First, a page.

Understanding How Currency Exchange Transactions Work
When it comes to exchanging your country’s currency to another currency then the foreign currency exchange rates become important. Example is when you’re planning to visit Britain. While in Britain you have to shop or pay using Euro or British Pounds. To exchange your country’s currency for either Euro or Pounds, you need to visit a bank. The banks will convert your currency to the currency you want to have using the updated rate. The currency rate however keeps fluctuating so you are more likely to receive different amounts at various times.
The rate fluctuation is advantageous to currency traders who buy and sell currencies to earn profits. In some instances, retail customers participate in currency exchange markets as well as speculators, hoping to earn profits as currency values fluctuate.
In basic economics, increase in the supply equates to decrease in the price of the goods. Therefore, if your country has increased currency supply, you need more of this currency to be able to buy other currencies. This simply means that the currency with increased supply is devalued. In the foreign currency exchange market, the price and quantity of the currencies will continue to fluctuate. Currency supply in the market is affected by various factors.
The factors that affect the exchange market include speculators, foreign investors, export companies, and the central banks.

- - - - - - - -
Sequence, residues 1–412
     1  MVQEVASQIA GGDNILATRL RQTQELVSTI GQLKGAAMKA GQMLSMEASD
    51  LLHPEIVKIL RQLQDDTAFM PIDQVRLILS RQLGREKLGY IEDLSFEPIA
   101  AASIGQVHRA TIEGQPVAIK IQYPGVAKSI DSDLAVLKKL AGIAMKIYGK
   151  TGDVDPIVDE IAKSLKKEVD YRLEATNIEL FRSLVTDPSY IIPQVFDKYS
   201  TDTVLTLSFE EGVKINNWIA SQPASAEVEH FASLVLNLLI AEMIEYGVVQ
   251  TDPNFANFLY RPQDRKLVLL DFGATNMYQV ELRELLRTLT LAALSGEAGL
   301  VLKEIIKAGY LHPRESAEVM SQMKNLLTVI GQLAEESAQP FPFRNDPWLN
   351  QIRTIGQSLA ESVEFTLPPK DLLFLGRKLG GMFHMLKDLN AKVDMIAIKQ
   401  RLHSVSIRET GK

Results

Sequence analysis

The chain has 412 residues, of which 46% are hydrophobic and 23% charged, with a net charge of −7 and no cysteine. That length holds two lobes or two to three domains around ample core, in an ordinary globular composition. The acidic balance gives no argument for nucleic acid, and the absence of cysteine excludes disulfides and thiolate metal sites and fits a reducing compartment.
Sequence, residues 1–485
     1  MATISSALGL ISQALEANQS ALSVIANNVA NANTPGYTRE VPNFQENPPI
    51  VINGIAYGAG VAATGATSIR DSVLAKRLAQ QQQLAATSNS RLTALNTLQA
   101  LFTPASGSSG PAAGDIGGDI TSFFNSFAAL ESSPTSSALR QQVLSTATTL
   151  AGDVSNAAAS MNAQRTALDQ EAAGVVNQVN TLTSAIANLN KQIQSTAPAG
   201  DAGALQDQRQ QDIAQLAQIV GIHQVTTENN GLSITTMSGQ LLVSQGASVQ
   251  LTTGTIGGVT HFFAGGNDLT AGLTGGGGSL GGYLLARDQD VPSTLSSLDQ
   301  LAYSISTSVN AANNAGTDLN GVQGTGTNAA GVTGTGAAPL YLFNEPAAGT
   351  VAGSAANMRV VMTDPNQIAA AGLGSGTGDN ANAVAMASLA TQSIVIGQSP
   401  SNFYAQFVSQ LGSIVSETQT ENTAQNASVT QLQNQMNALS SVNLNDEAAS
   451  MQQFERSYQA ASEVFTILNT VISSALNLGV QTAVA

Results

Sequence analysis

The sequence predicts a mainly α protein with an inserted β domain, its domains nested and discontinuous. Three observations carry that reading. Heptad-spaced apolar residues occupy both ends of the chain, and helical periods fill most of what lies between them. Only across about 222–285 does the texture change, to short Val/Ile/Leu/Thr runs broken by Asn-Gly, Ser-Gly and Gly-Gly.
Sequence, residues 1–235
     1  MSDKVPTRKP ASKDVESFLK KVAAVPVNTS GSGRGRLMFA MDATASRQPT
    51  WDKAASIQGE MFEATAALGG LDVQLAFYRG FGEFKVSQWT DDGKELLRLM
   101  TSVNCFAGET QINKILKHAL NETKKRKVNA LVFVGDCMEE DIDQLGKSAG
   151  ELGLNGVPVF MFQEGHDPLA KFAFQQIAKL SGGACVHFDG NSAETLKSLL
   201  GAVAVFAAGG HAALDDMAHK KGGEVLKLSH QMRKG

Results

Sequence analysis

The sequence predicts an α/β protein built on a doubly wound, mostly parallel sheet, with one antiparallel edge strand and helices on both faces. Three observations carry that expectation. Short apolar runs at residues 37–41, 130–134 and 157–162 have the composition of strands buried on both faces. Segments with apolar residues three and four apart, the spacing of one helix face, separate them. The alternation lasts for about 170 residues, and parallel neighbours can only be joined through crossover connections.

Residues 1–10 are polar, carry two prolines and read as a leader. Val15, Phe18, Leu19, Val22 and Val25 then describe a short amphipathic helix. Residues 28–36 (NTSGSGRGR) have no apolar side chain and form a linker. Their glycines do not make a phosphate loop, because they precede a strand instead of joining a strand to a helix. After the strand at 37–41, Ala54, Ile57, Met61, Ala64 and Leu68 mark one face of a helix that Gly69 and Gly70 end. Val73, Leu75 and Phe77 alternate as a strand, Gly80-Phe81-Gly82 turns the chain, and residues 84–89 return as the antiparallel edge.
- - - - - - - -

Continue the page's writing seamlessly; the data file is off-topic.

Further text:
Foreign investors: This procedure includes currency exchange. A foreigner with plans to invest or do business in your country needs to convert his currency to the local currency before he can start making investments. This will increase his country’s currency supply thus depreciating its value in the exchange market. On the other hand, your country’s currency supply will decrease thus appreciating its value.
Export Companies: Example for this is a US-based export company distributing its goods and products to a company located in France. The US company will receive money from France for the products however the money will be of no use in the US so the currency must be exchanged. The US export company needs to sell the Euros received from France in the exchange market. This transaction will increase the Euro supply and decrease the dollar supply. In this situation, the value of dollar will appreciate but the value of the Euro currency will depreciate.
Speculators and Central banks: The exchange markets have a lot of speculators that are driven by the currency’s fluctuating movement in the global market. The US Central Bank, Federal Reserve, is the one that controls the country’s currency supply. To increase the country’s money supply, additional dollar bills will be printed by Federal Reserve. Central banks keep lots of currencies in reserve to influence the exchange market when needed.